Others are more favorable toward AI as a solution today.

"Generative AI could help organizations bridge cyber security skills and talent shortages with on-the-job training and as a virtual team member," said Jason Shockey, senior vice president and CISO at mortgage servicer Cenlar FSB.

Let's say an organization has an inexperienced member of its cyber team, which is a common scenario, Shockey said. Cyber security trainees require hours of coaching and mentoring to be effective and deliver results. From time to time, senior team members are unable to mentor because they must focus on their own tasks and leave the inexperienced workers to themselves.

"Generative AI could be leveraged to increase the knowledge and work rate of those inexperienced people, by completing repetitive tasks and revealing knowledge blind spots — like a job aid or virtual cybersecurity mentor," Shockey said.

Generative AI could also be used as a virtual team member when there's a personnel gap, Shockey said. "For example, an organization's cyber team just lost their lead security architect and are finding it challenging to backfill that gap," he said. "The team could bridge that gap by letting generative AI evaluate data and review architectures from a security perspective. In other words, you can treat generative AI as a virtual member of the cyber team."

Addressing the shortage through training, better pay

Another thing organizations can do to attract more security talent is to make the jobs they need to fill more appealing to candidates. A good place to start is pay. Fifty-nine percent of ESG survey respondents cited increasing compensation as a way to be more competitive in attracting talent, "so it's clear that security pros are often underpaid," Oltsik said.

Aside from money, organizations can offer to pay for incentives such as certifications and travel/expenses at industry events. The research shows that professionals want continuous training and career development, Oltsik said.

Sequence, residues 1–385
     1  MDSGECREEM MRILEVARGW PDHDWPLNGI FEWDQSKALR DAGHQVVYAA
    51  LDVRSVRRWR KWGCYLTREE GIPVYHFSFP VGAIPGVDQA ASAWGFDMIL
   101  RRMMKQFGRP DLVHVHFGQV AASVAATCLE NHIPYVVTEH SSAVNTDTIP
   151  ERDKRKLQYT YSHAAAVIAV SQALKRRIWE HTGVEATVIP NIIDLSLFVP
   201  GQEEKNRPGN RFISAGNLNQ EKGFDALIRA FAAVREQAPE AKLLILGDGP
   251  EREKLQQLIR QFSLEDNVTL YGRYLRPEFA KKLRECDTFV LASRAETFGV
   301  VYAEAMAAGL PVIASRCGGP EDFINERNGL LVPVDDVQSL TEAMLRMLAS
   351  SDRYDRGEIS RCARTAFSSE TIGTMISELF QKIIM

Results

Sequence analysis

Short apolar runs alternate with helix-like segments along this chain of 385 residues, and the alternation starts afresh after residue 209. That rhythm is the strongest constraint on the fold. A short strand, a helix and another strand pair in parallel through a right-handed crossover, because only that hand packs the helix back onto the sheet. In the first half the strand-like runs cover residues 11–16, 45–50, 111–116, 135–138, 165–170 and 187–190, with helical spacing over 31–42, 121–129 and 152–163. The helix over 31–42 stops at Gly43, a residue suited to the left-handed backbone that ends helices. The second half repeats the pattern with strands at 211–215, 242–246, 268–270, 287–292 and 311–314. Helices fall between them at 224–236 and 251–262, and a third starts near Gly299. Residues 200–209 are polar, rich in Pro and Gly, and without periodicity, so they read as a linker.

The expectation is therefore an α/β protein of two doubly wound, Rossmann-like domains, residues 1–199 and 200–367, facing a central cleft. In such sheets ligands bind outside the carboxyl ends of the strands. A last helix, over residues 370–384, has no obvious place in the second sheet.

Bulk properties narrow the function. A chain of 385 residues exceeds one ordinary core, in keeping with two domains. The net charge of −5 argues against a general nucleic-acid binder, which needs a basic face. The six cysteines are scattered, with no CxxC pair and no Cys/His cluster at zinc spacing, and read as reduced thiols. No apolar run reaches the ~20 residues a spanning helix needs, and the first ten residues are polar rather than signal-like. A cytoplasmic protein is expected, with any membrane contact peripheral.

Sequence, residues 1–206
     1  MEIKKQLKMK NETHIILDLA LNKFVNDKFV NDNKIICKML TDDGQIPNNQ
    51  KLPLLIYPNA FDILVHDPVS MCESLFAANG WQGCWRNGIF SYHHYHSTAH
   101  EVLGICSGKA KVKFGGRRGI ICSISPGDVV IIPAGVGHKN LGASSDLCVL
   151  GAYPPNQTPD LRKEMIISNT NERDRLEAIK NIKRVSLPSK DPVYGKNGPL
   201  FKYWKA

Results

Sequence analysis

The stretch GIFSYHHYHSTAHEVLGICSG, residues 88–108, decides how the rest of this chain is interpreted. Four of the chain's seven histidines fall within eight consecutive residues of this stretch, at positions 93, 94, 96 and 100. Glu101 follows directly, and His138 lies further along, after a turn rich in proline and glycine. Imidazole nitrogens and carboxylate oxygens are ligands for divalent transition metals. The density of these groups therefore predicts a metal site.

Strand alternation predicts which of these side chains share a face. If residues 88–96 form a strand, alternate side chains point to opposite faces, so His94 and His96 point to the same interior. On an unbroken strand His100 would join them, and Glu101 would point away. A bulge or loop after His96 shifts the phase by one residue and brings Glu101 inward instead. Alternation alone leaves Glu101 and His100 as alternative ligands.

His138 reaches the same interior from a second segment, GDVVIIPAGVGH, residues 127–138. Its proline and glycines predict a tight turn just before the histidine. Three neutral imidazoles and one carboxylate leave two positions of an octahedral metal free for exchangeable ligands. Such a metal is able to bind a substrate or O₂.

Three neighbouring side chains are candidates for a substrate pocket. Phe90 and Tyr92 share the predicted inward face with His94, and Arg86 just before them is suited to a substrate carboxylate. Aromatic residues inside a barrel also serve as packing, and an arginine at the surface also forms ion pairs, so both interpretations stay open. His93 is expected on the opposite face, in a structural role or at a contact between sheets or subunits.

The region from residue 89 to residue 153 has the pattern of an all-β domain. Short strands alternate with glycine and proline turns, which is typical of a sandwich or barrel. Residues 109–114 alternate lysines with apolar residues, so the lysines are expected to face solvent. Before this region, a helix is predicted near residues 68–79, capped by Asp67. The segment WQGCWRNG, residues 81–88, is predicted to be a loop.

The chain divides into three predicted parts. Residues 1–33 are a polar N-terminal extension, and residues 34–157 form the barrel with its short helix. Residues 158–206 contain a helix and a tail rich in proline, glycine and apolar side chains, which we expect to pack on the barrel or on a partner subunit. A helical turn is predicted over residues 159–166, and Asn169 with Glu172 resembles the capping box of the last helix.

Human resources teams and recruiters often post unrealistic job requirements for cyber jobs, such as entry-level positions requiring five years of experience, Oltsik said. "Security pros believe that it's important to cast a wider net, find talented individuals with good analytical and problem-solving skills, and train them accordingly," he said.

Casting a wider net can include looking more broadly within and outside the organization, beyond those who are security experts.

"In order to maximize the organization's potential to close their cyber talent and skills shortage, outreach to all people in the [organization] is required," said Shockey.

"That wider cast net makes it more likely to find the needed cyber talent," Shockey said. "If the existing workforce is small, no problem. Offer external viable candidates the opportunity to get assessed and matched to see if they're a good fit" for the organization's security team.

CISOs and other cybersecurity leaders need to make sure that senior business executives grasp the importance of acquiring the needed skills.

"It appears there is misalignment of the security strategy," at organizations, said Alexander. Business leadership doesn't fully understand the function of cybersecurity and what skills are needed to fill positions or to simply keep up with technology, she says.

"It's kind of like having a fighter jet that gets updated every couple of years, and if the pilot isn't trained [or] certified to fly it, it can be dangerous," Alexander said. It is important that business executives continually talk with cybersecurity leaders and for cyber leaders to communicate to business leaders, including HR, in business terms, she said.